Natural Selection in the Physical Domain

Just a few years after Charles Darwin published On the Origin of Species, George Perkins Marsh in Man and Nature claimed that the weathering of granite was a form of natural selection in the nonliving domain. More recently, the Rice University team that discovered buckminsterfullerene (C60, a.k.a., “buckyballs”) clearly realized that the formation of C60 was the result of a selective process; this realization allowed them to do a proper functional analysis of C60, enabling them to quickly zero-in on the soccerball structure, the discovery for which they received the Nobel prize. Such examples may be multiplied. In general, natural selection is a pervasive force that shapes physical nature at scales that range from the level of a proton to galactic superclusters, and perhaps even the universe itself.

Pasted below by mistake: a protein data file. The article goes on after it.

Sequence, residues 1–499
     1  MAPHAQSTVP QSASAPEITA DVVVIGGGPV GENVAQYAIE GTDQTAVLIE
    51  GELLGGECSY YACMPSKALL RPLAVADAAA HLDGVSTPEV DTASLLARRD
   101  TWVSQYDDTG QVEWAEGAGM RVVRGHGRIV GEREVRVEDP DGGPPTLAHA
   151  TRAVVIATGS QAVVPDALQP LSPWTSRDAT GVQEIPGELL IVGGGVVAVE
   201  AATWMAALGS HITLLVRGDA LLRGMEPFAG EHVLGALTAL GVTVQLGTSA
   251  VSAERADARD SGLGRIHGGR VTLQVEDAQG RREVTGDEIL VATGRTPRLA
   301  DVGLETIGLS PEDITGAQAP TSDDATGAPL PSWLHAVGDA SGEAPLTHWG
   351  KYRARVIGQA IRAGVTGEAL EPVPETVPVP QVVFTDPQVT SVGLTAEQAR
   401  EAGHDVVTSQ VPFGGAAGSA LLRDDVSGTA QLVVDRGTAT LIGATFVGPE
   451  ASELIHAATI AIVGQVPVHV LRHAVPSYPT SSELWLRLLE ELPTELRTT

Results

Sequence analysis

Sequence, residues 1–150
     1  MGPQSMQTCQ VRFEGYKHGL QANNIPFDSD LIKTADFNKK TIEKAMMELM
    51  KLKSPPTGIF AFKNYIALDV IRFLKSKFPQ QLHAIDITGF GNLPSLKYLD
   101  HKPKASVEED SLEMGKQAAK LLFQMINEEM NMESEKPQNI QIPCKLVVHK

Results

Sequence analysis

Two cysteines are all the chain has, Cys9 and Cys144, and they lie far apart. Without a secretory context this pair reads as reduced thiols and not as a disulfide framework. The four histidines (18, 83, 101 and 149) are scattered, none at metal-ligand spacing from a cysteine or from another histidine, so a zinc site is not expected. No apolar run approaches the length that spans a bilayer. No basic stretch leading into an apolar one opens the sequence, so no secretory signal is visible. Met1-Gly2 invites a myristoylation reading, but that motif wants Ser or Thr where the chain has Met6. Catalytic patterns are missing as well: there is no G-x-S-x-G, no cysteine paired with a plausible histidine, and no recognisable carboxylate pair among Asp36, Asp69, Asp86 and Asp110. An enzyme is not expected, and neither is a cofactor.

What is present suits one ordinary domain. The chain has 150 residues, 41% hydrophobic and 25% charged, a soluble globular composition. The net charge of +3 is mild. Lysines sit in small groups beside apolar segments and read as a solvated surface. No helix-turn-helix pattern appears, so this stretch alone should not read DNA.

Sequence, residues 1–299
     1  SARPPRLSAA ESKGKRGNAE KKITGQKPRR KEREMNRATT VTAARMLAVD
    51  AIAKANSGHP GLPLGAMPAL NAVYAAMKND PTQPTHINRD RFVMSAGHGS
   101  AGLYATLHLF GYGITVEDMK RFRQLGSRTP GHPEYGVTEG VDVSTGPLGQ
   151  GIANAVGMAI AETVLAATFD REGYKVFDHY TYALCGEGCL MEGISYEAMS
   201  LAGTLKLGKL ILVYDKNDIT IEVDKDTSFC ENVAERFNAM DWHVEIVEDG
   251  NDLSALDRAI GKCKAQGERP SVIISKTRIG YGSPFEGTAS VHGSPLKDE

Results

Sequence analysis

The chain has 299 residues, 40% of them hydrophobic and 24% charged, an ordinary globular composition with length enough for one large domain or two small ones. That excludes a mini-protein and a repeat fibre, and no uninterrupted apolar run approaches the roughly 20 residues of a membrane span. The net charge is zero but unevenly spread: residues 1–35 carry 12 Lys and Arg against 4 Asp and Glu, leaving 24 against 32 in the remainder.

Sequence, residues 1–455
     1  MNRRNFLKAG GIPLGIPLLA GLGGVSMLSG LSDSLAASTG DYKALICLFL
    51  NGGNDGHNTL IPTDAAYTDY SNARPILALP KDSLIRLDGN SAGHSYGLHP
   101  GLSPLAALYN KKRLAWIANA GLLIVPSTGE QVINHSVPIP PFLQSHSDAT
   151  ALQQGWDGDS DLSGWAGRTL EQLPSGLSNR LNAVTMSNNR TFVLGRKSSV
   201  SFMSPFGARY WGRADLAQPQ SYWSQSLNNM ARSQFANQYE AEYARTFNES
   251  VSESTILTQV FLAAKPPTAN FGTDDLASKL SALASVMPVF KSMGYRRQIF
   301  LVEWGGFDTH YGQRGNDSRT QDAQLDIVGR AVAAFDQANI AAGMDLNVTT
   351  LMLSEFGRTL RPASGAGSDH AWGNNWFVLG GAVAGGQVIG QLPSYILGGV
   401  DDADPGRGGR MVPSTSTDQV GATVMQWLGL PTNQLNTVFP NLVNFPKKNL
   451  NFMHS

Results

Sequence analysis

Natural selection of physical systems entails that they are functionally organized in the biological sense—otherwise, they would fall apart and be selected against.

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